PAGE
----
I met my grandmother, Flawless Sabrina, when I was 18. It was 2001, and I had just moved to New York City from Syracuse. I went to the West Side Piers for Wigstock, a drag festival they had back then. I couldn't afford the $20 to get in and see the performance, so I hung out near the entrance and took pictures of some of the queens who were coming in and out. As Flawless Sabrina left, I took a picture of her, and she said to me, "You're on the wrong side of the camera, kid."
I hung that picture on my wall. Later, I continued to see her around in the club scene. She was always the oldest person in the club. She's now 77 and has lived in the same apartment in New York for 50 years.
In the pre-Stonewall days, Flawless Sabrina was incarcerated around 100 times for the crime of cross-dressing, while she toured her drag contests across America from 1959 to 1969. She and her friends took that act from town to city to town, all across America from Appalachia to the Pacific Northwest. They would organise local talent to perform. In a grassroots effort coordinated by phone tree, advance people would go to the next city or town to hang out in the coffee shops, find out who the gossip queens were, and who could spread the word that the drag contest was coming to town. It was an underground network.
Those are the people that I look to in times like this: our elders who survived intolerably hostile environments and times. Many of the people I revere and look up to have been able to see around the corner. It seems trans folks have a long history of being seers in their communities.
Throughout history, we have been persecuted. Globally, we are persecuted. Nationally, we're persecuted. The stakes are always changing. And the stakes I have, as an American-born white trans woman, are very different from the stakes of my trans sisters who are undocumented and from Central America. The stakes are different for all of us, so it's essential that we look out for the more vulnerable members of our community. Pride this year is more important than it has ever been in my lifetime.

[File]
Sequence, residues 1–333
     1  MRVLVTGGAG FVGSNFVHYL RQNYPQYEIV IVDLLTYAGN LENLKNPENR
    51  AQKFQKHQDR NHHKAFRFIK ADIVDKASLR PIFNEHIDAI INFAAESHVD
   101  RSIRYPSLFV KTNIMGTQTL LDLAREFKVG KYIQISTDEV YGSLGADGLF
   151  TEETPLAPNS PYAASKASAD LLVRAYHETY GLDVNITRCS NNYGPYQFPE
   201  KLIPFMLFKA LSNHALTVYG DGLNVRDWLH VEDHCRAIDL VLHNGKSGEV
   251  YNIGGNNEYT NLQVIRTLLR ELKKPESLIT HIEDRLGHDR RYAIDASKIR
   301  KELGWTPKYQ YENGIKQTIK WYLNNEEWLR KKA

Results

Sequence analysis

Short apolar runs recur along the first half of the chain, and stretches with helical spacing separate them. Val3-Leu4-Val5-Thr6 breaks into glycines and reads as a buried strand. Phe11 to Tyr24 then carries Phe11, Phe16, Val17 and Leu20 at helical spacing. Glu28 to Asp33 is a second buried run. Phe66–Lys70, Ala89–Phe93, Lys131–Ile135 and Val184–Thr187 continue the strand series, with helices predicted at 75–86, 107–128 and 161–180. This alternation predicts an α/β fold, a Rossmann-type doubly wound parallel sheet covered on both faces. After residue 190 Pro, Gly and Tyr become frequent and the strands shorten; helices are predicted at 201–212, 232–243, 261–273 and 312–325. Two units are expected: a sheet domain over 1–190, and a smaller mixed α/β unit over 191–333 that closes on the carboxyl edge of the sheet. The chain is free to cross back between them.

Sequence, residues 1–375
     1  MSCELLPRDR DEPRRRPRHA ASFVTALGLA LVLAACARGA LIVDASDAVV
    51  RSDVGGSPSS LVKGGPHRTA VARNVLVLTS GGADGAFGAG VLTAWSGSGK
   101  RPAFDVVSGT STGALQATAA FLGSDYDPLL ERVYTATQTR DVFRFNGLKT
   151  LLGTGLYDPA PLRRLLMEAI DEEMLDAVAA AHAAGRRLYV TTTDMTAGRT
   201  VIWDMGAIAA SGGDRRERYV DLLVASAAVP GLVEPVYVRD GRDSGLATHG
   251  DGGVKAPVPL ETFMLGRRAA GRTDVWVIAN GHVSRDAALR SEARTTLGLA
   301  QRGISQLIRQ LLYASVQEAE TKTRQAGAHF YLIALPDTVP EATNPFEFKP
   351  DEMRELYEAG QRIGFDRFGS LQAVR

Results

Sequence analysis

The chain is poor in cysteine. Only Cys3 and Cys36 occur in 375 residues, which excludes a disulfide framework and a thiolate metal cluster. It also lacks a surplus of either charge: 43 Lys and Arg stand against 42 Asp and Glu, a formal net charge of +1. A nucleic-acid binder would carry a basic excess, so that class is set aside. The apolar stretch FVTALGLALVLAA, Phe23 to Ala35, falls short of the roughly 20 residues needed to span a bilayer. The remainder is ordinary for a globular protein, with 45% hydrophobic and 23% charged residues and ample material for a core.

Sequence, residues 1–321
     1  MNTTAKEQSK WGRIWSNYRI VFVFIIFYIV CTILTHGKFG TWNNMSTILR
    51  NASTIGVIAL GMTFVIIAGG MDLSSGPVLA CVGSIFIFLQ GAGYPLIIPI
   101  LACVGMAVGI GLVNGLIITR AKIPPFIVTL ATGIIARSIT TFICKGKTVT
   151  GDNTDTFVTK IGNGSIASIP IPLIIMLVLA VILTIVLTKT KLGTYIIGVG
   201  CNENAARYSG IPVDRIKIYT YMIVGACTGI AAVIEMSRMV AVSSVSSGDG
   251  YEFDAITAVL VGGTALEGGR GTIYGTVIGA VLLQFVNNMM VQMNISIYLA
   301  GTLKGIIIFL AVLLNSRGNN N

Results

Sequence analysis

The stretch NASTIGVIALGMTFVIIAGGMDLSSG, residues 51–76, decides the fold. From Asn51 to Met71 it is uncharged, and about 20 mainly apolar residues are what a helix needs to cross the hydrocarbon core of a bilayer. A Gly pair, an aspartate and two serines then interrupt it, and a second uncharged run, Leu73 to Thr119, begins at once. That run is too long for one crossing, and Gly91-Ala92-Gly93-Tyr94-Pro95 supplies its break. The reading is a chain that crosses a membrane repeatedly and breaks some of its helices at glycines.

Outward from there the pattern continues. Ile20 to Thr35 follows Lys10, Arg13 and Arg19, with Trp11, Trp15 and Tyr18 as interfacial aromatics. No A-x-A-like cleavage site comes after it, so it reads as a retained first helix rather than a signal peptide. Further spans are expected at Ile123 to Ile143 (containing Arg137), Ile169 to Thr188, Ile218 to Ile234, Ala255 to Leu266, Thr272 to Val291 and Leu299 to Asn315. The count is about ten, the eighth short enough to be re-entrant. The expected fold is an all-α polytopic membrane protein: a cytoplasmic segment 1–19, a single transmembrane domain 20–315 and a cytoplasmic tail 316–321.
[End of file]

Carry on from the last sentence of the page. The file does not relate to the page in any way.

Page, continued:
We need to tap into the spirit of resilience.
Flawless Sabrina would tell me stories about the way the queens used to treat each other or trans women. Sex workers in Central Park were throwing acid in each other's faces, or super-gluing bits of razor blades under their fingernails, so they could claw each other. We're a group of people who have not always had a good sense of community or sisterhood, a people who've been devoured by internalised shame.
We can't afford to attack each other any longer. It's divisive and cruel to single people out because their politics are different from ours. We're all fighting for the same things, respect and equality.
We need to tap into the spirit of resilience that Flawless has shown. We need to nourish the sense of pride that catapulted the first brick at the Stonewall riots. We need to listen to our inner voices saying: "I'm worth more than this, and I'm willing to speak out and fight for it!"
As told to Ryan Roschke